FEBRUARY 24, 2005 — IRONWOOD, MI
Hello Wisconsin and the Central Standard Time Zone!!
Andrew has reached the city of Ironwood and will be crossing into Wisconsin tomorrow morning.
The past two weeks have been exciting for Andrew. He left Marquette on Monday, February 17th, after a weekend of enjoying the company of friends and speaking to newspaper reporters. Because the North Country Trail has not been completed immediately west of the city, he utilized a 30-mile cross-country ski course, which at several points crosses frozen lakes and rivers — Andrew said he was still nervous about the crossings (because of falling through ice in Michigan in January) even though snowmobiles were zipping by him. He reported that 2 or 3 inches of lake-effect snow was falling every day.
Andrew met Bob and Irene Godell in Watton, MI, and enjoyed their great hospitality for the evening. The Godell’s are 84 years old and have been married for 62 of them. Bob fascinated Andrew with his tales and local folklore. Both of their parents came to the US from Finland, and Irene and Bob both speak Finnish. Bob managed the local telephone company in 1958, when phone service consisted of a single toll line that ran through the county. People traveled to a central location to make a call. Bob told stories about Henry Ford, who purchased timber from loggers in the U.P., including Bob’s father, for his Model T’s.
On Saturday, Feb. 19th, Andrew came down with a stomach bug during the night, throwing up his entire dinner of freeze-dried lasanga. He hiked several miles on the trail the next morning but was just too sick and weak to make it through the Trapp Hills, which are home to very steep and big climbs, and which are made more difficult by four feet of powdery snow. He staggered off the trail and along a forest road for 8-miles before finding shelter at a motel in Bergland. He then called home because if you are sick you always ask your Mom for advice. Fortunately, after about 16 hours of sleep, he was feeling better. On Sunday, he hiked the remaining 15 miles to White Pine, MI. By the time he arrived, he was feeling 95% better.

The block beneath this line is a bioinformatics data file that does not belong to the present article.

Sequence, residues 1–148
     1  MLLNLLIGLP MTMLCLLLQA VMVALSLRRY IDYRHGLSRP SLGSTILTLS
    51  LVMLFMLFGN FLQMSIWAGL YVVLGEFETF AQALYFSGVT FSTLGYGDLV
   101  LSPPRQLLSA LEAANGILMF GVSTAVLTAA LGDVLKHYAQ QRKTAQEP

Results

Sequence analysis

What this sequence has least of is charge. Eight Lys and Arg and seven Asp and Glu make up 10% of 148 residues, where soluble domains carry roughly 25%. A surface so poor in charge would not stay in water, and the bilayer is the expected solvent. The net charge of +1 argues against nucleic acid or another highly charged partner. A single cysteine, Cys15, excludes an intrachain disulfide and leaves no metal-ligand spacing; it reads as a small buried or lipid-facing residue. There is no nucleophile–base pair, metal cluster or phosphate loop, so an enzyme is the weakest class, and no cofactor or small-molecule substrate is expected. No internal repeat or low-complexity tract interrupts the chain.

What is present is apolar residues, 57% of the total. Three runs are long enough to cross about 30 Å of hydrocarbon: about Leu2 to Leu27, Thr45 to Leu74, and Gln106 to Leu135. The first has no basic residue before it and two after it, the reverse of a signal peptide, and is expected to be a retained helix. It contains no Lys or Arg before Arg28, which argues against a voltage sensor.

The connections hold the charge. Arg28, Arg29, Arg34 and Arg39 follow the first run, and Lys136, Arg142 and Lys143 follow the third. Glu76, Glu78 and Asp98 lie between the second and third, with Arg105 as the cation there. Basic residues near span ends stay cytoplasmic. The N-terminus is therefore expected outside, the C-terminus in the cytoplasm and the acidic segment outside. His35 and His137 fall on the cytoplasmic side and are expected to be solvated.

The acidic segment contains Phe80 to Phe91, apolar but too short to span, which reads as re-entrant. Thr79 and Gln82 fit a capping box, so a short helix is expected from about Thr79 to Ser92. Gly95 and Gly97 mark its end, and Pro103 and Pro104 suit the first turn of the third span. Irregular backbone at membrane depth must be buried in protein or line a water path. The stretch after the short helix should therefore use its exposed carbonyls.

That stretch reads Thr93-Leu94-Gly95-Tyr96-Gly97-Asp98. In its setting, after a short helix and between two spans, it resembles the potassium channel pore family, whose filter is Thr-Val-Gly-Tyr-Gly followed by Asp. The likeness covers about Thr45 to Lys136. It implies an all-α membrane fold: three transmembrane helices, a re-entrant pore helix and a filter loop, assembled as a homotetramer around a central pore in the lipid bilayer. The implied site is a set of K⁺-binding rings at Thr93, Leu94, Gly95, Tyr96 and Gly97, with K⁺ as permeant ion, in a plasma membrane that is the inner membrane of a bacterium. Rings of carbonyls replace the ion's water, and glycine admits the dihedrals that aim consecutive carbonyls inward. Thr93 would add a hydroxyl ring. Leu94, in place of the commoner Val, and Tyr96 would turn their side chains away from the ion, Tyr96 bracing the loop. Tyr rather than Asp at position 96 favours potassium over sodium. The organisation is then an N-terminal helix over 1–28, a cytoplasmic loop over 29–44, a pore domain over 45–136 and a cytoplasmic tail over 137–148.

When Andrew called on Feb. 24th from Ironwood, he was reflecting on his hike through the UP. It was “not as difficult as he had expected.” He had envisioned ferocious snow storms and frigid temperatures that would keep him “holed up for days on end.” What he found was that the lake-effect snow is frequent but in small amounts, and therefore not an impediment to hiking. And, when you are snowshoeing, it doesn’t really matter how deep the snow is. It is like swimming in the sense that if you can swim in 4 feet of water then you can swim in 1,000 feet of water. Following the trail in deep snow is different, however, because the snow can cover blazes and hide the treadway; but Andrew found that the trail was well marked with blue plastic diamonds, which can be seen a long ways off in Michigan’s mature and open forests.
As for the temperatures, Andrew has seen -20F at least twice, with a few other nights at -15 and -10. But most night time lows were in the high single digits to mid-teens. He found himself to be usually very comfortable, pushing the limits of his gear only in the coldest temperatures.
Andrew also reported that he had expected the culture of the UP to be vastly different than the culture in the Lower Peninsula. Yes, Scandinavian people who were loggers and miners settled the UP, but that historical background is no longer as defining a characteristic. They have running water, electricity, and even broadband now.
The UP is, in Andrew’s mind, “a centerpiece of the North Country Trail.” There are “miles of trail through old growth forests, where the canopy of trees is hundreds of feet in the air, creating unbroken visibility on the forest floor.” The shores of Lake Superior in winter, Pictured Rocks National Lakeshore, the Trapp Hills, the Porcupine Mountains, and several notable waterfalls were the highlights of Andrew’s hiking experience.
Wisconsin is just ahead of Andrew with new terrain, temperatures and challenges. He is anticipating colder temperatures and less snow. He is hoping that the worst of the winter is behind him.
Miles hiked thus far: 4213 miles. Andrew has completed 55% of his 7,700 mile journey.